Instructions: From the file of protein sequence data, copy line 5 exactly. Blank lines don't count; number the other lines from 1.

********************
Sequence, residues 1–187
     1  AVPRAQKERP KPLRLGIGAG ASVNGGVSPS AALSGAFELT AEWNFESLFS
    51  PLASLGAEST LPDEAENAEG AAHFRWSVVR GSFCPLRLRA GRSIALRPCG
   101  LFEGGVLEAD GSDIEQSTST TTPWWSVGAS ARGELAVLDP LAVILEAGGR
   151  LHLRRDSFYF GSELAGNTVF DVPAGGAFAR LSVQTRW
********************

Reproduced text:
   151  LHLRRDSFYF GSELAGNTVF DVPAGGAFAR LSVQTRW